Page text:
It was a really great town and it is so close to us. We plan to go back to take in a few more of the adventures. There is a gold mine close by that you can take a cable car down into and tour, waterfalls you can repel down, an 18 km hiking trail that takes you to a tall peak overlooking the city, and of course, more of the town to explore. It is definitely on the schedule for a day trip when we have visitors! (Just be sure to pack your walking shoes!)

Wednesday, January 9, 2008

A Little 1 AM Sertaneja Anyone?

After supper last night, Eric asked me what I wanted to do for the night. Well, I didn't really have any plans (hence the reason I was still wearing the jeans and t-shirt that I was wearing while earlier on my hands and knees scrubbing the spots on the stone floor with my Mr. Clean Magic Eraser-which is absolutely magic by the way!) I returned the question to him and he said, "Well, we could go to Minas Casa to look for chairs, or we are invited to go out tonight to Alambique for Bragaia's birthday." Well, why not, let's go out and be social!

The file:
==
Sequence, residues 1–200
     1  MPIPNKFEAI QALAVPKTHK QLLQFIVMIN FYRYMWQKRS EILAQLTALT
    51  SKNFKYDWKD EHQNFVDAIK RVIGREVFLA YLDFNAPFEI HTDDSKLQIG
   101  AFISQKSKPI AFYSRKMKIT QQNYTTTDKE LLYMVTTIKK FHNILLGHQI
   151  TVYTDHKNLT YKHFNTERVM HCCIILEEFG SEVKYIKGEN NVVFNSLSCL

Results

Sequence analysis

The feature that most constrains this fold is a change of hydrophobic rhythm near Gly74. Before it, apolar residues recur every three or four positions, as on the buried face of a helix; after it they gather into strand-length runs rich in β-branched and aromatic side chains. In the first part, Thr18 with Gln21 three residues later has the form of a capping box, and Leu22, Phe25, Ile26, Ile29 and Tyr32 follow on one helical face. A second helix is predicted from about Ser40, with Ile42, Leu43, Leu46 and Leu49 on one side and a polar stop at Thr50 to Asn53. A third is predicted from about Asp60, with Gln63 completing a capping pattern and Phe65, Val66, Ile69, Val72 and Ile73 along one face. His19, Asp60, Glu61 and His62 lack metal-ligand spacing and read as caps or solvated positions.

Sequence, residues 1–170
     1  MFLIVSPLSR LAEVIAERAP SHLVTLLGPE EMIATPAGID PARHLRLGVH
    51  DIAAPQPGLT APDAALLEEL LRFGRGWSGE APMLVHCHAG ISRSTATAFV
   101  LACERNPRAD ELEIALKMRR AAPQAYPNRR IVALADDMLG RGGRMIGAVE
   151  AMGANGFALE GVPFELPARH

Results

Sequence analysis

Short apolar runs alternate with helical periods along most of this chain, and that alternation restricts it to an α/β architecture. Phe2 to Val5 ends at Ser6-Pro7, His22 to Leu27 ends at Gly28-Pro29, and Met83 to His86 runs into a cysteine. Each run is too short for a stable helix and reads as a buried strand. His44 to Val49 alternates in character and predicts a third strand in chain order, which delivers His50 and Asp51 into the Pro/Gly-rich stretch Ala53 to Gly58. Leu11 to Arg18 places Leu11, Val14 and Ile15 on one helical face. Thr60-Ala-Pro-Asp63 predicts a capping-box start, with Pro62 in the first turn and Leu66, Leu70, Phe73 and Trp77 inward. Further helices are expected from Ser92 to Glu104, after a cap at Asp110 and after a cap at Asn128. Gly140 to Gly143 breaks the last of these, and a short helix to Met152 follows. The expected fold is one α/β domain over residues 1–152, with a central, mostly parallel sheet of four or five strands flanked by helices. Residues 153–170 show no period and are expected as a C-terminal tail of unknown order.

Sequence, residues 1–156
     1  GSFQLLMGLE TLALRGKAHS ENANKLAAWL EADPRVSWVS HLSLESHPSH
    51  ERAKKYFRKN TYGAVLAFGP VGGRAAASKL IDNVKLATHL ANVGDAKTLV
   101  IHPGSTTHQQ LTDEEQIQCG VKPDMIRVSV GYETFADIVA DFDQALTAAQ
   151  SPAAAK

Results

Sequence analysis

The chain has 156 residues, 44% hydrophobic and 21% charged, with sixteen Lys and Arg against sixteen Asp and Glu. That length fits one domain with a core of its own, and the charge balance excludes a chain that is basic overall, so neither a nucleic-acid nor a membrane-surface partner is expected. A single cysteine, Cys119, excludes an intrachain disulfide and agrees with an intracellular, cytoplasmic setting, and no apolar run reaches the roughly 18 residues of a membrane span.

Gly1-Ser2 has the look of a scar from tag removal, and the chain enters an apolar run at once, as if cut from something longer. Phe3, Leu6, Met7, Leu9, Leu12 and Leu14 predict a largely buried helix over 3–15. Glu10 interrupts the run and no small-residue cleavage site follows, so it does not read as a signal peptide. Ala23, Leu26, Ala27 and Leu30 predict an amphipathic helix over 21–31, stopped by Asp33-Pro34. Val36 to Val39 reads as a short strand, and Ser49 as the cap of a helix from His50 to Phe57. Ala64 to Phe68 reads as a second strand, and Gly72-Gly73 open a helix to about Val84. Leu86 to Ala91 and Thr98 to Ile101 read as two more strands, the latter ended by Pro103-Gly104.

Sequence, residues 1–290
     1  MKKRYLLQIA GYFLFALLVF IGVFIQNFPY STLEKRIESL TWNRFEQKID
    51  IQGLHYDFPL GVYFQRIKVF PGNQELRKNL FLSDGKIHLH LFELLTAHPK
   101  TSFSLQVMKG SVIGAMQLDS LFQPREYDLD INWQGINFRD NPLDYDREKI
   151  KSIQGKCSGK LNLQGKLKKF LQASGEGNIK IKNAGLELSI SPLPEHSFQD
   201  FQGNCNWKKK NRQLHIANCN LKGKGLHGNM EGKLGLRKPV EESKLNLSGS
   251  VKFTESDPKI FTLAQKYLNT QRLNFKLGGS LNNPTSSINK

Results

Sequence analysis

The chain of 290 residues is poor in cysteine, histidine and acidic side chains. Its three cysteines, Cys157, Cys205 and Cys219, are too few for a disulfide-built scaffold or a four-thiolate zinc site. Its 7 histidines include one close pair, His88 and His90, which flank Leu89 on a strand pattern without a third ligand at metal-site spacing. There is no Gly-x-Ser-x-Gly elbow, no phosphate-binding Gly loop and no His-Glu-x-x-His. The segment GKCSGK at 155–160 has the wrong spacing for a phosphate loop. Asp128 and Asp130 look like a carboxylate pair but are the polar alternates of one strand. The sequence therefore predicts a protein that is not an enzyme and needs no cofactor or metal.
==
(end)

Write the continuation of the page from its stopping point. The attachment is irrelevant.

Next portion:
We got to Alambique (which is basically a country dance club) at about 9:30. Nobody else showed up until about 10:30. We expected the band to start playing about 11:00, but it didn't go on until 12:40 this morning! It was a lot of fun and the band was really good, but it was a little later than we normally go for on a Tuesday night! The music was Sertaneja (which is Brasil's version of country music.) The place was packed and we later pondered on whether or not all those people had to get up and go somewhere this morning. Especially the ones who were standing in line to get in still when we were party poopers and left a little after 1:30 am. We arrived home sometime right around 2:00.